Don't get me wrong, I like the "newer" small SUV's, and my brother has owned nothing but. I've been tossing the idea around about getting one as a daily driver, and use for my bicycle trips.

Bob
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Old 07-31-2011, 08:24 AM   #12
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Nobodys mentioned DRAG, the killer of all tv's, the lower the power the faster the death!!!!!!!!!!! Larry
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Old 07-31-2011, 09:19 PM   #13
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I was told I could tow a 17z with my minivan. I bought my trailer in April. I bought a new vehicle in June to replace my minivan. My neighbour pulls the same trailer with his mini-van and is fine. I just was not comfortable. So can you do it. Yes. But its what you are comfortable with. I kept ignoring advice thinking I would be fine and in the end the entire experience cost me a lot more because I got little trade in for the mini van.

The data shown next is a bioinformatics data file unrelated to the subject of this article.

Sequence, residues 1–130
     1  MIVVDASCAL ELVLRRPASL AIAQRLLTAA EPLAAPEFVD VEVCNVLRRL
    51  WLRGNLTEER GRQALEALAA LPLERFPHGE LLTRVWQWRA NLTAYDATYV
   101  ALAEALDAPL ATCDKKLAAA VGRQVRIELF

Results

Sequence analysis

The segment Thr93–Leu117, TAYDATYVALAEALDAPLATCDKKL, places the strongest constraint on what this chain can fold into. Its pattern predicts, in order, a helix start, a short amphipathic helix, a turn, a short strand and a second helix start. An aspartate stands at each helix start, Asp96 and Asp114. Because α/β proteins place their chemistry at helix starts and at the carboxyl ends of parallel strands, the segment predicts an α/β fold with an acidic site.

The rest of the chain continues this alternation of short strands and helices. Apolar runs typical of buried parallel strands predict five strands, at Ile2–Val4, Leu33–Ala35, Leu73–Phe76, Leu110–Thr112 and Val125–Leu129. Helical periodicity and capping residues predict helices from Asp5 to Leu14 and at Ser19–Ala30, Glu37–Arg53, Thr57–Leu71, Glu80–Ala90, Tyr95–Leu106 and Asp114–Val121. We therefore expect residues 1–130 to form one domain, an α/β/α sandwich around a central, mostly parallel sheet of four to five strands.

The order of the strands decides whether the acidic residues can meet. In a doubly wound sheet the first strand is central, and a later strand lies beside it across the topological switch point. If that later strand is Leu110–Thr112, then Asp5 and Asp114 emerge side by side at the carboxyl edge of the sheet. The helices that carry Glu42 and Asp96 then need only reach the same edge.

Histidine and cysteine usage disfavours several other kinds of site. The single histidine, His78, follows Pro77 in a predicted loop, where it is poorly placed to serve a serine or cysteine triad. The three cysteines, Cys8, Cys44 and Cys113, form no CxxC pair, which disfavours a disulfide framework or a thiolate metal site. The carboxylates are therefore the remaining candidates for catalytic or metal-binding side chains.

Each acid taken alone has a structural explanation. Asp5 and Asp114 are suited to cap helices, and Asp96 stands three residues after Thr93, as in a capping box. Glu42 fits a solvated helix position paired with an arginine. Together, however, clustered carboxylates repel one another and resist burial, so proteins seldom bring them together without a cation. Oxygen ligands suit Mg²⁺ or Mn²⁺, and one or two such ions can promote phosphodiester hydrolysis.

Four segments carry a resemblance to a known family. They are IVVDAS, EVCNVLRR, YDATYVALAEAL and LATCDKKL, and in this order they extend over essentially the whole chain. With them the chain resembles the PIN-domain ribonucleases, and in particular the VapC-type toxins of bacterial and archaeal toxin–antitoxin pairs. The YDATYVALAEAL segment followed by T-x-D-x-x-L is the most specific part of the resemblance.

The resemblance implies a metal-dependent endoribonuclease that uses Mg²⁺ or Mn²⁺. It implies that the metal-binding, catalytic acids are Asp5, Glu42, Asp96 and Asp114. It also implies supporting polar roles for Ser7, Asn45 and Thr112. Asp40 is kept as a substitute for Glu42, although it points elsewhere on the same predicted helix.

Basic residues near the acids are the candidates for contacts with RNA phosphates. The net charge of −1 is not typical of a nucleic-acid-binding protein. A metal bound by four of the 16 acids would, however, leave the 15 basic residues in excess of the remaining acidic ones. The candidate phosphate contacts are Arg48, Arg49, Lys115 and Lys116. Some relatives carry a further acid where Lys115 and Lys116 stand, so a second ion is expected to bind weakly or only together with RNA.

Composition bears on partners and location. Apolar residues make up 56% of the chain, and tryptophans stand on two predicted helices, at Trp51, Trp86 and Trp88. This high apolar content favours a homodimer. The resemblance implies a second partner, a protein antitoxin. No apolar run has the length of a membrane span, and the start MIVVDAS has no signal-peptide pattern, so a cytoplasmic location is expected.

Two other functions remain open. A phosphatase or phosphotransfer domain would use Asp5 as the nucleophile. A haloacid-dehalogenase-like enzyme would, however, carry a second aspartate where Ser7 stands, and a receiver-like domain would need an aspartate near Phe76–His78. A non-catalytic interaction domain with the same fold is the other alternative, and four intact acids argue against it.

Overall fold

My two cents.

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Old 08-01-2011, 05:24 AM   #14
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In defense of bender031177;
The Canadian RV magazine columnist you refer to is probably Andy from CanAm RV. I first met Andy circa 1982. We were both recently out of college, and he had just taken over the reins at the local Airstream dealership. This was a time when the automakers were rapidly changing their cars from V8 rear wheel drive, over to smaller front wheel drive with uni-body construction. Andy set about to find real world towing combinations that worked well together. He was, and is very successful at this. I have TOTAL FAITH in his judgment on what towing combinations will work. One thing to keep in mind, Andy’s focus is on TT’s which are more aerodynamic that most, such as Airstream and a couple other brands. As one other post here referred to, the aerodynamic drag of the typical square box TT, is a big stumbling block to over come. If you ever happen to meet Andy at an RV show, he will proudly show you his scale model complete with fan and ribbon streamers, to demonstrate the effect TT shape has on drag.
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Old 08-01-2011, 07:21 AM   #15
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I met Andy and he is a great guy and knows what he is talking about.
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Old 08-01-2011, 08:08 AM   #16